14 April 2007

A shitty way to get dispersed

Andy J. Green, Marta I. Sánchez. 2006. Passive internal dispersal of insect larvae by migratory birds. Biology Letters, 2:55-57. pdf

According to the authors, this is the first published evidence for dispersal of aquatic insects by migratory birds. They collected 6 samples of fresh faeces of black-tailed godwits (Limosa limosa) from soil ~5 m from the edge of water in a marsh in Spain. Three of those samples contained live larvae of the midge Chironomus salinarius.

The authors' conclusion is that the birds had consumed the larvae, which survived passing thru the birds' intestines to be deposited with their faeces. These birds are said to defecate usually over water. Therefore, they may help disperse aquatic insect larvae.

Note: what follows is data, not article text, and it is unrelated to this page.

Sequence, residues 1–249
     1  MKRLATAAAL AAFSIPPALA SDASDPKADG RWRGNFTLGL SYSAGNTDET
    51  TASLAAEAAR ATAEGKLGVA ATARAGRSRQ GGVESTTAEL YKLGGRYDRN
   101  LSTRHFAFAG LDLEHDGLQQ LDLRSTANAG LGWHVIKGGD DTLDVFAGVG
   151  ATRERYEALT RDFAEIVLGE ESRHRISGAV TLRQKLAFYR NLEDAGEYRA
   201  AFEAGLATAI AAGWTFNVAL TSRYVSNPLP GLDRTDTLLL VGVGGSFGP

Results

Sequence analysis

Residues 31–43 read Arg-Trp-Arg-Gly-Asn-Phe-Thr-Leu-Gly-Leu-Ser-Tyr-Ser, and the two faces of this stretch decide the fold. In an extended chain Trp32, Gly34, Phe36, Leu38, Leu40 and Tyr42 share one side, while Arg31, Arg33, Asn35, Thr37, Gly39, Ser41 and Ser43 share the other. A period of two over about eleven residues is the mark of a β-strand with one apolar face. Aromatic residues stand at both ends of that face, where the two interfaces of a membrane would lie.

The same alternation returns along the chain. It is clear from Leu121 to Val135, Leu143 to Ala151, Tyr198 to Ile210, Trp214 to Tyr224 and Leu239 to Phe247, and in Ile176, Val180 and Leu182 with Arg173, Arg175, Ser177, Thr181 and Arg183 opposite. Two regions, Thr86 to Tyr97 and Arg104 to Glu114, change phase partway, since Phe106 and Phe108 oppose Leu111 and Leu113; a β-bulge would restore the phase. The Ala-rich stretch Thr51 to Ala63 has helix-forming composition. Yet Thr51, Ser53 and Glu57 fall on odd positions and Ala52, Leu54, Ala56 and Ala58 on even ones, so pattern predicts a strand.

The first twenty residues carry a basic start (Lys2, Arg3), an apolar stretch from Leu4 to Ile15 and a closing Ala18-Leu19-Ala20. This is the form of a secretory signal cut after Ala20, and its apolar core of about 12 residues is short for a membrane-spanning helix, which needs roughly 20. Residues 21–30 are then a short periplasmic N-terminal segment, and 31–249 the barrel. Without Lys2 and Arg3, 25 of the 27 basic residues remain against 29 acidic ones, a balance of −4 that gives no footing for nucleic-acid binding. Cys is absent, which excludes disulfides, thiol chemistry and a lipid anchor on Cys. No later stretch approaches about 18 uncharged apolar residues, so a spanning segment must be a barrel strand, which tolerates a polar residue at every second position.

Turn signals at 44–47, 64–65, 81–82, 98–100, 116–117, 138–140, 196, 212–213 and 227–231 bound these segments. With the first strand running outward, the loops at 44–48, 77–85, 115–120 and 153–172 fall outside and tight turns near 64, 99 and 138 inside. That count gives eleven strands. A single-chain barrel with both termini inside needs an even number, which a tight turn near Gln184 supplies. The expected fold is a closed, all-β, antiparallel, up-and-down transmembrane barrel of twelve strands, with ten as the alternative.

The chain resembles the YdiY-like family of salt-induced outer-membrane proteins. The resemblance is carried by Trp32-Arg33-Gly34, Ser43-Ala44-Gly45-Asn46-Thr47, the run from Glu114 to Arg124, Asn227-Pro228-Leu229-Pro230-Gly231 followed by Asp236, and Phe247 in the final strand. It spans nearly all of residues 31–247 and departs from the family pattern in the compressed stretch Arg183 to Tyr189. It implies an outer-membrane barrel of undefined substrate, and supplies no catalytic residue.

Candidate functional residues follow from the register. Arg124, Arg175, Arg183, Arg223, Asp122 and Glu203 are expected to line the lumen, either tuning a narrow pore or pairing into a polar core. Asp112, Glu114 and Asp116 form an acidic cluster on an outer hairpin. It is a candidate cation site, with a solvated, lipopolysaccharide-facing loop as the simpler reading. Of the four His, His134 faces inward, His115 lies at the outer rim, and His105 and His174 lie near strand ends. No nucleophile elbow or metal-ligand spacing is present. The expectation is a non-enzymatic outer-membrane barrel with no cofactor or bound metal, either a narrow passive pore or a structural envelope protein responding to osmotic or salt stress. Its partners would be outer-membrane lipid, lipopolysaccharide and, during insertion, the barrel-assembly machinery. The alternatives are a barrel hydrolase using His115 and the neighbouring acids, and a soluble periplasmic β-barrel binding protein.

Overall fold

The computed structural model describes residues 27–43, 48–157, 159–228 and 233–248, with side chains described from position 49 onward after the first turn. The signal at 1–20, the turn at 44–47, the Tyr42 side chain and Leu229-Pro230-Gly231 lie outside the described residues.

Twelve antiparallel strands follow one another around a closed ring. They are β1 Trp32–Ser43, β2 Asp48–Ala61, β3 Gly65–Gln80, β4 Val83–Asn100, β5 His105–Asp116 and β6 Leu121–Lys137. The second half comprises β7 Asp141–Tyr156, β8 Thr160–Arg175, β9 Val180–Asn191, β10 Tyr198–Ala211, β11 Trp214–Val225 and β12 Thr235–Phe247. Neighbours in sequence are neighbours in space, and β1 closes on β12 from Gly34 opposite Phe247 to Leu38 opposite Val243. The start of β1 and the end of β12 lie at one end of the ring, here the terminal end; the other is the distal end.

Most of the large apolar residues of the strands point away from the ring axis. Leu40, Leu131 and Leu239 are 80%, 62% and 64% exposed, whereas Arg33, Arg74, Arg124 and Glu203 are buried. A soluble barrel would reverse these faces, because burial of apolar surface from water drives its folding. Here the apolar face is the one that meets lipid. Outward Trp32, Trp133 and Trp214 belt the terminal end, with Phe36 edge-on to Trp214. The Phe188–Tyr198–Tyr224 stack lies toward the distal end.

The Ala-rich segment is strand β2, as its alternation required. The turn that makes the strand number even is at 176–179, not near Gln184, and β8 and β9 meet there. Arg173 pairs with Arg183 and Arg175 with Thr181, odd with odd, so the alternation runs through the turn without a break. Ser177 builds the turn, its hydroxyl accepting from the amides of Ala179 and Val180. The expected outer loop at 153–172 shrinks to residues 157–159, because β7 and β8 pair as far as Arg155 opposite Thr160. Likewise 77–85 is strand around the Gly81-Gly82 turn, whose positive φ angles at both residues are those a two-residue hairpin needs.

Could the eggs from which the larvae hatched have been laid by midges on the faeces on land? Presumably that is not likely, because these midges deposit their eggs in water.

More info on the Chironomidae is available at the Chironomid Home Page.


Snail said...

This link might be handier. (If it works.)

pascal said...

"Egestion" is actually a large issue with some invasive snails (the Spiny mud snail comes to mind). Perhas it is another mechanism that we have to consider with land snail dispersal. (?)